- Anti-Virus is implemented.
- Encryption (transit & rest) is implemented.
- Security logs are collected.
- File integrity monitoring is implemented.
- Access controls are implemented.
- Network ports are restricted.
- Vulnerability scanning is done regularly.
- Penetration testing is done regularly.
- ...

Now that might not sound too bad and having AWS take care of a large chunk of your PCI requirements does definitely help make your life easier.
However, when you dive a bit deeper into the PCI DSS requirements, you quickly figure out that, while there only 12 main PCI requirements to be fulfilled, each of these main requirements actually consists of multiple ‘sub-requirements’ which in turn also consist of ‘sub-sub-requirements’ which brings the actual number of requirements to be fulfilled to over 200…and these need to be fulfilled for every applicable component in your stack!

Your PCI responsibilities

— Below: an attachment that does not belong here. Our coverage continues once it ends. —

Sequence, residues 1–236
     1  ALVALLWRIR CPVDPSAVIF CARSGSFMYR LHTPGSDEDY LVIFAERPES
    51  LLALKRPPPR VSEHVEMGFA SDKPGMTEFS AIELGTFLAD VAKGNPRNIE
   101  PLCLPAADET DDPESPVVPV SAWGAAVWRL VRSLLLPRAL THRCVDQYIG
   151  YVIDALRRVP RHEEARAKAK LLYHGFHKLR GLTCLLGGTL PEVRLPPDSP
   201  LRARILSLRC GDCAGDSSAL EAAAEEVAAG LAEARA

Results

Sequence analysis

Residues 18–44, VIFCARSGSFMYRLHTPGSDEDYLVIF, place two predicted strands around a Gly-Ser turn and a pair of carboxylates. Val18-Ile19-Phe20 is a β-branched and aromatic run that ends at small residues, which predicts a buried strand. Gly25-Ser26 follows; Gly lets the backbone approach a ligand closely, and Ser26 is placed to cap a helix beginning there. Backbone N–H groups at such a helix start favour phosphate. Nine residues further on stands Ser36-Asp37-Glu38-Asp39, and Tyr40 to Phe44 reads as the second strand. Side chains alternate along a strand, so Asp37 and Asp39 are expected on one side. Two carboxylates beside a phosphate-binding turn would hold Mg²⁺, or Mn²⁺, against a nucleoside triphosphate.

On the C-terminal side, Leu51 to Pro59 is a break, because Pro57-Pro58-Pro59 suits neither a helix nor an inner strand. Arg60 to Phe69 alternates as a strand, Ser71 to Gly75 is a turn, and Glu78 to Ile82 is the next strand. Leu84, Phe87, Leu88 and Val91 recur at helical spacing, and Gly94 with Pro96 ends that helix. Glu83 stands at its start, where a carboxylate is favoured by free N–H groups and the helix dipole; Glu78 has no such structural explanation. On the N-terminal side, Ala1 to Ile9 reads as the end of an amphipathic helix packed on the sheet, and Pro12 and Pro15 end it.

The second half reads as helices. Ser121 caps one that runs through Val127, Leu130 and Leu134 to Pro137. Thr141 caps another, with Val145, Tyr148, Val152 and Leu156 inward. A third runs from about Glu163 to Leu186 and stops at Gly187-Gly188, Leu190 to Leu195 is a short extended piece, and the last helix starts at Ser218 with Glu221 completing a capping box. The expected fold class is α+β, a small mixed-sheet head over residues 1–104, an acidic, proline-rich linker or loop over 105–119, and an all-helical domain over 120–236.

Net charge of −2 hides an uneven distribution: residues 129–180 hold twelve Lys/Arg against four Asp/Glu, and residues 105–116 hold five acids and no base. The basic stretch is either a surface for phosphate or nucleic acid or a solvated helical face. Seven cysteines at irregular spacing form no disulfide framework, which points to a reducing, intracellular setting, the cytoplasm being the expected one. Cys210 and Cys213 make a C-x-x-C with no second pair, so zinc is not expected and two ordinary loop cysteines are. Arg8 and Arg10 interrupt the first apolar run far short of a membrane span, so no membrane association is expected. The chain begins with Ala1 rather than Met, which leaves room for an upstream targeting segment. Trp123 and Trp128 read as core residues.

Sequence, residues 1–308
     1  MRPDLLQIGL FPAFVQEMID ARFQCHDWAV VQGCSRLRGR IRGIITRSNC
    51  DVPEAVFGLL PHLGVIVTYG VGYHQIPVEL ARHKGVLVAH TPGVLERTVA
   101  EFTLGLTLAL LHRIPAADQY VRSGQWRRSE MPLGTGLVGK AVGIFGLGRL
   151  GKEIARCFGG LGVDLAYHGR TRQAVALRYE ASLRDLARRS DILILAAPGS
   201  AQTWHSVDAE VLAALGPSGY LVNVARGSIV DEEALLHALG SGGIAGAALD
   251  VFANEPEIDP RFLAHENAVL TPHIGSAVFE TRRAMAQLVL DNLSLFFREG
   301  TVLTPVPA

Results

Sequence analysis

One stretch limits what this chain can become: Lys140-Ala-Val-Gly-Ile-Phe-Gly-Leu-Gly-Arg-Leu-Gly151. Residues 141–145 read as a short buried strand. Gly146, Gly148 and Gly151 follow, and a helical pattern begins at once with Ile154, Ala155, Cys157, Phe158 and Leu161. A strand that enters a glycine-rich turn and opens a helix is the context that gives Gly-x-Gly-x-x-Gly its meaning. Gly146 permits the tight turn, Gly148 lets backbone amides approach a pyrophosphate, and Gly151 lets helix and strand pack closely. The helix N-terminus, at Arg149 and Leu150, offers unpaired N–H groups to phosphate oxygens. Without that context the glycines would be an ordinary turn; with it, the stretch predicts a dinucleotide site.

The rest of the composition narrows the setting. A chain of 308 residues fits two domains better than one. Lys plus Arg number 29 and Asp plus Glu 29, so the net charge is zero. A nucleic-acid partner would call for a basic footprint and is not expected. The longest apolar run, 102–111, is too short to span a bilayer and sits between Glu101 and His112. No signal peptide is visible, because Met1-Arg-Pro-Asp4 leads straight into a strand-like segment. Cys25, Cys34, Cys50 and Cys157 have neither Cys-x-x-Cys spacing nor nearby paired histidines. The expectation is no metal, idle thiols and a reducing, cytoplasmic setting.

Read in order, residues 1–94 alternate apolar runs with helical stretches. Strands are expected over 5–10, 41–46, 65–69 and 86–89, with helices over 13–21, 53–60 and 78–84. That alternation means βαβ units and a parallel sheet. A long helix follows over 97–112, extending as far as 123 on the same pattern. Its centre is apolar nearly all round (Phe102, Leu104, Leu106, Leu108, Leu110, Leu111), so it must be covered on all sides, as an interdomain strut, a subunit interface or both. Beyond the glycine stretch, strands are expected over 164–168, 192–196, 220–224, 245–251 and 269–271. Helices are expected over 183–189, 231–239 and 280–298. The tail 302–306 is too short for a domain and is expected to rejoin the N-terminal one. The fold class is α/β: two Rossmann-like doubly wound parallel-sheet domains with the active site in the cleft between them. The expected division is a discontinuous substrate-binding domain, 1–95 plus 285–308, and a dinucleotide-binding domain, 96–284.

This is normally where most customers start looking at higher level service models (i.e. moving from an IaaS model to a PaaS model) or at Managed Service Partners to whom they can offload these responsibilities to and rather spend their time focusing on their core business.

The big concern with choosing these options is usually the increased cost of the solution, however there is a very strong case to be made that going it alone works out more expensive! This is especially true if your organization is unfamiliar with PCI or don’t have the specialized people required. However that is a topic in itself and best covered in a separate article.

If you have any additional questions about simplifying your PCI certification process or are planning on migrating from an on-premises solution to the cloud and have concerns, then we would be happy to hear from you.

Simply drop us a mail at info@NeosIT.com.

About the Author Steven Viljoen:

Image

Senior Cloud Architect, IaC enthusiast and professional pancake maker (according to his kids). Born in South Africa, he has travelled extensively, living for a number of years in South-East Asia and the Middle East. Now based in Bratislava and working out of the Neos Cloud Center of Excellence he specializes in helping customers implement AWS and PCIDSS solutions.